In 2013, Telluride, Colo., proposed a tax on sugary drinks that would require local business owners to pay the city one cent per ounce of sugar-sweetened beverages sold. The proposed tax did not pass, but generated a large amount of news coverage and controversy. This report evaluates the news coverage the proposal generated, examining the types and quantity of coverage, the speakers quoted in the coverage, and the arguments that appeared on both sides of the debate. The investigators found that the news coverage in Telluride framed the soda tax issue primarily in terms of the potential ramifications for the health and economy of the town. They also compare Telluride coverage with the coverage of similar 2012 soda tax proposals in Richmond and El Monte, Calif., and identified both common patterns and differences in coverage from the three cities. These findings contribute to a growing body of knowledge on how soda tax news debates play out within the unique context of each community in which they are proposed.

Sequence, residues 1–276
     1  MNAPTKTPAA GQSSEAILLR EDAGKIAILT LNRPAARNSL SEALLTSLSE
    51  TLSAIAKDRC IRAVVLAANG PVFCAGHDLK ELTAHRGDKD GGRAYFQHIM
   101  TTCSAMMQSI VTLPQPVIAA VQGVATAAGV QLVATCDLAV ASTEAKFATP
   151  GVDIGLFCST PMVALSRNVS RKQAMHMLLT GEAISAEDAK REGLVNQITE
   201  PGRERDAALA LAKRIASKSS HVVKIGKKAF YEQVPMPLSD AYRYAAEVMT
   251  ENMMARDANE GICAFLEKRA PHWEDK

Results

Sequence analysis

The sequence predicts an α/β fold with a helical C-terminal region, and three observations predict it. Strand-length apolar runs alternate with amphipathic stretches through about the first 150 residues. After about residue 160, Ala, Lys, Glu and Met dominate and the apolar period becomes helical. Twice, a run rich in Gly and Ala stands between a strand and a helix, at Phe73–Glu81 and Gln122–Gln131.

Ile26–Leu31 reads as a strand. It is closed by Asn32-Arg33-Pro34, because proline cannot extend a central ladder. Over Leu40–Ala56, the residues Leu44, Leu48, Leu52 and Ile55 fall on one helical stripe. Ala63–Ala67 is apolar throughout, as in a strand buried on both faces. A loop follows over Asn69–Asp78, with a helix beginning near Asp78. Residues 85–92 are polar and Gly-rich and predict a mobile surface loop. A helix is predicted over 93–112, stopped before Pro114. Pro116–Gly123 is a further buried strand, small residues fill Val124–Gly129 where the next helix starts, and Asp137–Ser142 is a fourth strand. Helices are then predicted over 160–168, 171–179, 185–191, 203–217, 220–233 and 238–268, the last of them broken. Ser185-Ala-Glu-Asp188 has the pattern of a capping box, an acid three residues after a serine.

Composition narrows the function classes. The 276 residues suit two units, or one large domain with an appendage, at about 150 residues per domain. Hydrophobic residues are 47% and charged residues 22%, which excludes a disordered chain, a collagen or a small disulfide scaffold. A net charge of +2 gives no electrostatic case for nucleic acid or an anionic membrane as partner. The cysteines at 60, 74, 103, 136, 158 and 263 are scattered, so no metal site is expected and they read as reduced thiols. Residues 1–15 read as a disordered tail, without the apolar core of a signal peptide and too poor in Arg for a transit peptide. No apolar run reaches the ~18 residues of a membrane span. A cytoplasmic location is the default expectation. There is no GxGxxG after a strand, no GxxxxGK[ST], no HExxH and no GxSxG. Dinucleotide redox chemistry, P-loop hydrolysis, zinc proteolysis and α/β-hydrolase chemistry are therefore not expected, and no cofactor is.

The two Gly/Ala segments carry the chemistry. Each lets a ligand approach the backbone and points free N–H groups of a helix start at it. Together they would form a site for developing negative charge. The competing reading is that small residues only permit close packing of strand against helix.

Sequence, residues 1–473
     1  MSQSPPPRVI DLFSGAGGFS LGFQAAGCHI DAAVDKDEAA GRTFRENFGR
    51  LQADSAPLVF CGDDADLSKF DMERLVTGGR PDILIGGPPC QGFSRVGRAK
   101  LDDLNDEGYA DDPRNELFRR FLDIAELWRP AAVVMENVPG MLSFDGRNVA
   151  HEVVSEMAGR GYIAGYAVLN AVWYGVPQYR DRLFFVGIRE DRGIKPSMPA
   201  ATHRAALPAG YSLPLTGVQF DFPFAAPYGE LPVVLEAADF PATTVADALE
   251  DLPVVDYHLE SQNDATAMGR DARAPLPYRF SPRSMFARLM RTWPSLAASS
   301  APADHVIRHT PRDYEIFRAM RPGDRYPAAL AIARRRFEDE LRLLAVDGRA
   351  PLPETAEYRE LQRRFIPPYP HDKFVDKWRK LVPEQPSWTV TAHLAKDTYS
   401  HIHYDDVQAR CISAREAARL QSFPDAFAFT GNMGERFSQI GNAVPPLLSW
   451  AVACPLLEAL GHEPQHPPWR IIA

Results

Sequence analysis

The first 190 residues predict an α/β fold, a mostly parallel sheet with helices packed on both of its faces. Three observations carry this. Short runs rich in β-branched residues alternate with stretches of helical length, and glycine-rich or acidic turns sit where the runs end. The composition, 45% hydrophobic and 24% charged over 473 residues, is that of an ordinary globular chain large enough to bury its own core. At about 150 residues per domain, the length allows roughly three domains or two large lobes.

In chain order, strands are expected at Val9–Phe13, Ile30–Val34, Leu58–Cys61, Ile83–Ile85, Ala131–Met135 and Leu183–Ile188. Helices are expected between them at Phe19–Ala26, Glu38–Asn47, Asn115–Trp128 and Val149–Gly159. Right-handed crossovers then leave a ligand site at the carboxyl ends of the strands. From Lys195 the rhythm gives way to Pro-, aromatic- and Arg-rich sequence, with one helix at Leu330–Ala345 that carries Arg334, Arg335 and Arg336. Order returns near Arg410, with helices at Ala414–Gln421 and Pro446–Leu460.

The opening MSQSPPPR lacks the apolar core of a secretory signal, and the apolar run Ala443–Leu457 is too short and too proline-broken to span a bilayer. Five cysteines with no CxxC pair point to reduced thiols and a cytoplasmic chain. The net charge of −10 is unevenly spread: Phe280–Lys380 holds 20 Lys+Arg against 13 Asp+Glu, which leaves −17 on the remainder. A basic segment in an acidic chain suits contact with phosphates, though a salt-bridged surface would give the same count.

Soda Tax Debates: An Analysis of News Coverage of the 2013 Soda Tax Proposal in Telluride, Colorado
Big Soda’s Long Shadow: News Coverage of Local Proposals to Tax Sugar-Sweetened Beverages in Richmond, El Monte and Telluride
Taxing sugar-sweetened beverages (SSBs) has been identified as a key policy lever to reduce consumption of sugary drinks and to fund nutrition and physical activity programs. This paper analyzes news coverage of three SSB tax proposals in Richmond and El Monte, Calif., and Telluride, Colo., in 2012 and 2013. Although … More
Taxes on sugary drinks have been identified as a policy tool that could reduce consumption of these beverages or raise funds to address associated health expenses. To date, tax proposals have met stiff opposition from the beverage industry and others. An unsuccessful ballot measure in November 2013 to place a … More
Toddler drinks are a relatively new product category, typically offered by infant formula manufacturers and promoted as beneficial for young children ages 12 months and older. Marketing promotes these drinks as the “next step” after infant formula, using claims that imply unproven benefits for children’s nutrition and health. However, these drinks … More